At Gilbert Lake I still see mountains towering far overhead, rising from behind a small local ridge. Hiking beyond my exhausted party, I see a side path to Matlock Lake. I follow the path over a small ridge to see what could be seen. Passing over the top of the small ridge I find a hollowed out valley, still dripping with snow. I am awed and bow down and pray. I assume it must be of glacial origin, because IÕve never seen anything like it before. But I still hold onto my conception of mountain - imagining this ridge separating a small valley from another hill.
Three and a half ice-cold crystal blue lakes dot this valley-ledge with huge granite boulders erratically spread all around, as if a giant had played dice with them. Additionally there are some incredible trees that stand testament to the harsh weather. Their limbs are stubs and their trunks are gnarled, dense and wide, perhaps Bristle Cone Pines, the oldest living thing on earth.
The next afternoon I hike with my wife, Laurie, on towards Kearsarge Pass. These are no rolling valleys; the path keeps going up. We reach one lake after another, each higher than the one before. First Flower Lake, then Heart Lake, joined by the narrow thread of Independence Creek. Then we reach Big Pothole Lake, unconnected with the rest, sitting inside a huge deep pothole, with sharp unapproachable sides. Why? What for? Where are all the valleys that IÕm so acquainted with? Why are the rivers so small and shallow? How is it that the dripping of the snow feeds these small rivulets? These questions and others bat through my mind, but are suppressed in service of my conception of mountain. I see what I want to see and ignore what doesnÕt quite fit in. I am struck by a bewildering perplexity but cannot put my finger on why my psyche is so shaken up.
Partly from the lateness of the day, partly from an approaching storm, partly from wanting to get back to the kids before sundown, but mostly from fear, we turn back before reaching Kearsarge Pass. Prior to this point the path weÕd been hiking had been enclosed by vegetation and rocks. Now the path is completely exposed as we move along the side of the mountain with sandy, dirty, slippery sides. My perception. I see the path moving towards the exposed ridge. I decide that IÕve seen enough and need to get back to the kids in camp.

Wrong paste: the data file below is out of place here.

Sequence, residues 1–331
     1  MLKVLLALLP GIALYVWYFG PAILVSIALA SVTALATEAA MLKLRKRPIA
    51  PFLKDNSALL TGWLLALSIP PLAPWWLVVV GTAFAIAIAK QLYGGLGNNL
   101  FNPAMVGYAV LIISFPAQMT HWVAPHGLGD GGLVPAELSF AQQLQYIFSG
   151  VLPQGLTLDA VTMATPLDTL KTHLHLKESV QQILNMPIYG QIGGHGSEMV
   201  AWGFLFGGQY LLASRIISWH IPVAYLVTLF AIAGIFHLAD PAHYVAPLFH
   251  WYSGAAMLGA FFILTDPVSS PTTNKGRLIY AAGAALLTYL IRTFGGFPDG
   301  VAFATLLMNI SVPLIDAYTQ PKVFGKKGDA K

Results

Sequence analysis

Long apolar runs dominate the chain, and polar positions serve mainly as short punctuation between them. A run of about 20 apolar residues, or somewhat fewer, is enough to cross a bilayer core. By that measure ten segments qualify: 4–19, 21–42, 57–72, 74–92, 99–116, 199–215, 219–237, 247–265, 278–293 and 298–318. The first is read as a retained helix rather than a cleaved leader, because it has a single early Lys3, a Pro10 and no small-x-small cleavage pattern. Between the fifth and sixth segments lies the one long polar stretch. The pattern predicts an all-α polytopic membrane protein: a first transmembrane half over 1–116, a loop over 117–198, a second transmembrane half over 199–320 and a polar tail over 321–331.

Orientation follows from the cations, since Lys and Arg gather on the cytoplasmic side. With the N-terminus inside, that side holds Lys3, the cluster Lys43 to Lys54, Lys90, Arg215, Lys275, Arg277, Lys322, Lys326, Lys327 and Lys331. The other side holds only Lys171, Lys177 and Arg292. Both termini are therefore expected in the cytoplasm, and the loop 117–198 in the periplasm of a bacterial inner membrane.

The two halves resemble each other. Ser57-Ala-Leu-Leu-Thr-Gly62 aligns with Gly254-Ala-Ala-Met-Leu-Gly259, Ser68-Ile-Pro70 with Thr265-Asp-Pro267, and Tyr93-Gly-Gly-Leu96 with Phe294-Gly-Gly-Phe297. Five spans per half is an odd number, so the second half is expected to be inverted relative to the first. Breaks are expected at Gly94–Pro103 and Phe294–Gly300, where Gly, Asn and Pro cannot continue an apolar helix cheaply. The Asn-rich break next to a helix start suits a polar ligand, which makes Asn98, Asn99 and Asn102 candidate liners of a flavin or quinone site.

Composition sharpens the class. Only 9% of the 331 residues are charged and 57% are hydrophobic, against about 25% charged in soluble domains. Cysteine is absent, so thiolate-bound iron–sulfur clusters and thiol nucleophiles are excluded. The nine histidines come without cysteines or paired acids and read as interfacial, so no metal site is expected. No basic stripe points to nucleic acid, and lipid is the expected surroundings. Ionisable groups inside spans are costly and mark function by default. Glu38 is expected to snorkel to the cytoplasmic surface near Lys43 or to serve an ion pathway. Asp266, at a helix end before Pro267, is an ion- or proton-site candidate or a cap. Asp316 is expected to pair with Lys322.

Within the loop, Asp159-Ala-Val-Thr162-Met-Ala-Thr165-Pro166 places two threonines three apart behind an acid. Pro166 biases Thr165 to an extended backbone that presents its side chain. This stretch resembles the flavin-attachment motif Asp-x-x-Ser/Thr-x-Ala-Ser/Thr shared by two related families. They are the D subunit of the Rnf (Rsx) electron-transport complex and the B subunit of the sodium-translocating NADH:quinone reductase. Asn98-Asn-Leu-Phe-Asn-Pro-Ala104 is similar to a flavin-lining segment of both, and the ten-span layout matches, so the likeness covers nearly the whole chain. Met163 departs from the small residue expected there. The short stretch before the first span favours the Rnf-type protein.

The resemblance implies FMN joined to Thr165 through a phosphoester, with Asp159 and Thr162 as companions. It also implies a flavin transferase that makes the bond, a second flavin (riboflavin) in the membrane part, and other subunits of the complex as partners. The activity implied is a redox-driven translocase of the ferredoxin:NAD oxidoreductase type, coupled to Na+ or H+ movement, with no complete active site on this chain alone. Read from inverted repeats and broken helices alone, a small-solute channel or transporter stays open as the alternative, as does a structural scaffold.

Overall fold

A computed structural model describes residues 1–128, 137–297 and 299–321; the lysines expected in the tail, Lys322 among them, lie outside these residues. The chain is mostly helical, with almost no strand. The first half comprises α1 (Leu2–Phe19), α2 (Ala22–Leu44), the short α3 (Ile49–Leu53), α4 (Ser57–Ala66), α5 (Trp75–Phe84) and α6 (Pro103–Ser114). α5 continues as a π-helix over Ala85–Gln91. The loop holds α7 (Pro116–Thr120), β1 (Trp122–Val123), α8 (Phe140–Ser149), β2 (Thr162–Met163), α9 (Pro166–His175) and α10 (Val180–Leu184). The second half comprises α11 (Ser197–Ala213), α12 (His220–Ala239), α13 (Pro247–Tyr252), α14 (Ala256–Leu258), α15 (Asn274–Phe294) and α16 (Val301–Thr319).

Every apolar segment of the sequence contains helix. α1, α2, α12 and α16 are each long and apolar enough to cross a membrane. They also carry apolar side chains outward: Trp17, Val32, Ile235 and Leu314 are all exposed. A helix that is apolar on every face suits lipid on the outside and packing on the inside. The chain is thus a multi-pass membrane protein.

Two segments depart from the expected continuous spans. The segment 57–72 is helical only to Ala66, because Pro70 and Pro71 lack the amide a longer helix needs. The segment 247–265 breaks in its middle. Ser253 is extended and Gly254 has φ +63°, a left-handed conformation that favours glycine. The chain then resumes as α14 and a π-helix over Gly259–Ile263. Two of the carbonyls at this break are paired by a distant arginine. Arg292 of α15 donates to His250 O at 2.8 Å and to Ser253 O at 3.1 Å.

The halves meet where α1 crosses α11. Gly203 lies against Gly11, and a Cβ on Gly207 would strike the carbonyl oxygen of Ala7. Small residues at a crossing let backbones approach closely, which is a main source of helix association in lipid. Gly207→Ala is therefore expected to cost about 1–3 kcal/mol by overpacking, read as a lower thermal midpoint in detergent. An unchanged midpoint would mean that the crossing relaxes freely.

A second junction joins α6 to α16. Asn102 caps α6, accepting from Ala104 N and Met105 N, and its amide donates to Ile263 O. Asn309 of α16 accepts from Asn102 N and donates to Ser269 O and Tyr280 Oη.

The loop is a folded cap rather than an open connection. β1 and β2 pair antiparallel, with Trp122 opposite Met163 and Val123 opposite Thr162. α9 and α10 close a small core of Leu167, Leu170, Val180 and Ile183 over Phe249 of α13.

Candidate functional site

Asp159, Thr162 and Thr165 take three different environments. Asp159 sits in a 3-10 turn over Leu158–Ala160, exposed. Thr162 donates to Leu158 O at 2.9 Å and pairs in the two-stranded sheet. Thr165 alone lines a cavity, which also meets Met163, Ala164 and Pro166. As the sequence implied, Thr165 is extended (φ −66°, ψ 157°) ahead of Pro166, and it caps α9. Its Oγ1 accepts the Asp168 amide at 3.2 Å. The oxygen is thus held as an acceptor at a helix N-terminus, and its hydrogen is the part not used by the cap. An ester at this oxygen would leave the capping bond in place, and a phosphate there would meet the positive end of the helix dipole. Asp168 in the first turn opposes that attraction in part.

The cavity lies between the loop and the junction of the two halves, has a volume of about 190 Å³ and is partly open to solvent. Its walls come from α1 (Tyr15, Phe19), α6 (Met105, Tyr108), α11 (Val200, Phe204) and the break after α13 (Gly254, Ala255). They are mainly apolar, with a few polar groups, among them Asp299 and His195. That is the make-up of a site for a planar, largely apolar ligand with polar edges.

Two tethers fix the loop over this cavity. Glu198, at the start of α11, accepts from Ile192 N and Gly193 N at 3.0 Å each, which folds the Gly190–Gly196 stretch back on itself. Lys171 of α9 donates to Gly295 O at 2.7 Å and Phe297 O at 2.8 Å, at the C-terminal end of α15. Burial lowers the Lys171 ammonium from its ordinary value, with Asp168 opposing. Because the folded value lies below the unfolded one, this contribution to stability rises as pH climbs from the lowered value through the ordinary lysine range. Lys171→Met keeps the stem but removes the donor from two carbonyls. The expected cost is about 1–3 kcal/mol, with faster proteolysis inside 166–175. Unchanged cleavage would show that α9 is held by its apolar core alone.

Coming home I am awestruck, stunned, and curious. What were these landforms that IÕd just experienced? But more importantly what did I miss by turning back? I begin coloring the topo map of the Onion Valley area. But it stops at the ridge that separates the Eastern and Western Sierras, right where Kearsarge Pass is. I rush out to get the other half. I continue coloring. IÕm just trying to come to terms with this beautiful structure and what I missed out upon. The colors help tremendously but are not quite enough.
Something just doesnÕt quite fit into my conception of things. Trying to put everything into my boxes, certain elements just donÕt quite fit and have to be squeezed in, shoved in, and the door forced closed. Still it sticks out the edges, warping the door. I grin sheepishly, beg to be excused, and change the topic.
I donÕt really want to change. I like my old self. Even though the world, my planet, has shown a side of itself I never knew; even though this vision does not fit into my box, IÕd rather squeeze it in where it doesnÕt fit. IÕd rather forget those edges sticking out. Most of it is inside my box. ÒThatÕs all right,Ó I say to myself. ÒItÕs important not to get too anal retentive about this.Ó
But still those nagging thoughts keep rising trying to uproot my mind from its comfortable rocker, with just a few uncomfortable lumps. But if I just sleep around the lumps, it is fine. I like myself the way I am. Things are fine as they are. Besides you canÕt teach an old dog new tricks.